All right, he’s eaten dirt. Andrew Mitchell, Chief Whip, has now apologised to the Prime Minister and apologised profusely to the policeman he may or may not have called a pleb. In a statement today – prudently, he declined offers of radio interviews – Mitchell admitted that he ‘did not treat the police with the respect they deserve’ when on Wednesday evening one of them refused to allow him to ride his bicycle out of the Downing Street gate and directed him instead to the pedestrian one. In the outburst that followed, he is said to have told the man that he didn’t run the government. Well, that makes two of them; neither does the Chief Whip.
Anyway, Mitchell’s grovel hasn’t cut much ice with the Police Federation which says he should resign and for good measure says his behaviour was ‘particularly disappointing’ in the week when two policewomen were murdered in Manchester. Although – wouldn’t you agree? – there isn’t really some sort of continuum of disrespect that runs from losing it with an officer to throwing a grenade at policewomen.
I think we can agree that we shouldn’t shout at people who are only trying to do their job, especially if you’re a cabinet minister. It looks bad. It looks especially bad if you’re known to be filthy rich – or at least, relatively well-to-do – and you call a public servant a pleb. Wealthy members of the government have to tread very carefully lest they come across as arrogant. It was one of the things that stuck in the craw of many commentators when Mitchell was presiding over an increase in the international aid budget when he was in charge at Dfid, that he was personally wealthy, and didn’t seem to see the problem of handing ever greater amounts of largesse to other countries at the expense of those at home whose pips were squeaking. Telling a pleb he doesn’t know his place, which is what Mr Mitchell says he didn’t say, would fit nicely with the stereotype.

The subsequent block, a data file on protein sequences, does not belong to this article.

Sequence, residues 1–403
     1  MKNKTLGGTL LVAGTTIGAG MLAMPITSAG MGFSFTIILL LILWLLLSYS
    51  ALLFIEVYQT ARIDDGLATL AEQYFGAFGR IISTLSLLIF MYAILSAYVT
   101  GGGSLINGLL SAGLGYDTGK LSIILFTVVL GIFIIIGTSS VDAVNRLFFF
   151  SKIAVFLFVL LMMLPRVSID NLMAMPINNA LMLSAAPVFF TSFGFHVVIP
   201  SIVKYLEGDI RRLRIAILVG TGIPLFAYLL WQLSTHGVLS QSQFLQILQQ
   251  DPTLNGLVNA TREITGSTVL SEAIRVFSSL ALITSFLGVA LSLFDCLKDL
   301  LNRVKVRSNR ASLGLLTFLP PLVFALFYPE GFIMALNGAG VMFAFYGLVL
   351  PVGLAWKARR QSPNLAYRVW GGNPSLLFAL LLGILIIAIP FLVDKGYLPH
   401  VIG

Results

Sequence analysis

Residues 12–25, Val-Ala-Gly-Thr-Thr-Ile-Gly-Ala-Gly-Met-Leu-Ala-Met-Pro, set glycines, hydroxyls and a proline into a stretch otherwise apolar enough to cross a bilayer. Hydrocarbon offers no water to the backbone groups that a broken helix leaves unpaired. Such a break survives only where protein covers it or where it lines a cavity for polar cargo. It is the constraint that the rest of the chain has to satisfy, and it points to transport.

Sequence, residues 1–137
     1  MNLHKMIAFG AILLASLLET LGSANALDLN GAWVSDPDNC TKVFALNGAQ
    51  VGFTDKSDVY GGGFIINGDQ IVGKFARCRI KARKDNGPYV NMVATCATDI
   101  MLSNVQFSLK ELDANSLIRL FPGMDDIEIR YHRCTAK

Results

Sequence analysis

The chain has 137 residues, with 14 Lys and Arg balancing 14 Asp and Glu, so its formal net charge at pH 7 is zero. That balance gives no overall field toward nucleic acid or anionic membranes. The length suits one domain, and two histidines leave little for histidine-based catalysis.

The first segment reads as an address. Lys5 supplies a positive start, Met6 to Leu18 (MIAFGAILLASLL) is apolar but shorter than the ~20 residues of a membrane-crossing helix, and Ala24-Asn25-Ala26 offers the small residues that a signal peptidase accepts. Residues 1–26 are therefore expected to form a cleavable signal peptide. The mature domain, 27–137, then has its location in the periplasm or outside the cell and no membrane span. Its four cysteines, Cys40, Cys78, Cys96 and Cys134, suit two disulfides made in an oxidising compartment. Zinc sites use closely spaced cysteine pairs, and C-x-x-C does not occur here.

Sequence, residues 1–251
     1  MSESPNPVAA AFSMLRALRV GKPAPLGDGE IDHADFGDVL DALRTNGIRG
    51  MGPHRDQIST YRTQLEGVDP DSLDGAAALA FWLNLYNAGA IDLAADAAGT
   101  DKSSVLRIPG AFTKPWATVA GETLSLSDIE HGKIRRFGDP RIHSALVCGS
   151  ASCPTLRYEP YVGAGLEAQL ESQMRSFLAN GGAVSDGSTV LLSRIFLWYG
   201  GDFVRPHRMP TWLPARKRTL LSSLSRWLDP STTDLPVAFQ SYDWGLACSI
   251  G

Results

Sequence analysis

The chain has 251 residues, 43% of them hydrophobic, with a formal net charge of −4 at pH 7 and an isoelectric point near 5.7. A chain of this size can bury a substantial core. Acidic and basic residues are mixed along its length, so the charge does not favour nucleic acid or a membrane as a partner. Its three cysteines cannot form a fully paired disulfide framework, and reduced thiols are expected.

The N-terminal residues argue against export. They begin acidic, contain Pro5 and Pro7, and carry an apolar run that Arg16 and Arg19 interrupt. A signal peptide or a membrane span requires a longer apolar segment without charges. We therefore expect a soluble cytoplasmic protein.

Still, my sympathies are with Mitchell. Which of us has not found ourselves in an altercation with some bit of officialdom and ended up having to swallow our wrath in the knowledge that you can never get the better of a bureaucrat? I find it especially galling at airports, having to give up items of handbaggage that pose no possible threat to anyone yet which fall foul of the regulations. You can’t argue but you do and it does no good. And quite often, the official in question appears to take a certain pleasure in knowing that the power is all his or hers. It may be that the police officer who told Mitchell not to leave by the usual gate was nice and apologetic about it; or perhaps he rather enjoyed himself. Mitchell still was entitled to say that he’d done it before, that he posed no threat to anyone by cycling out of the unauthorised gate and if it was risky, well, he’d run the risk. He was wrong to shout, but there was undoubted provocation. I’d have been annoyed too, but as one pleb to another, I’d have put it some other way.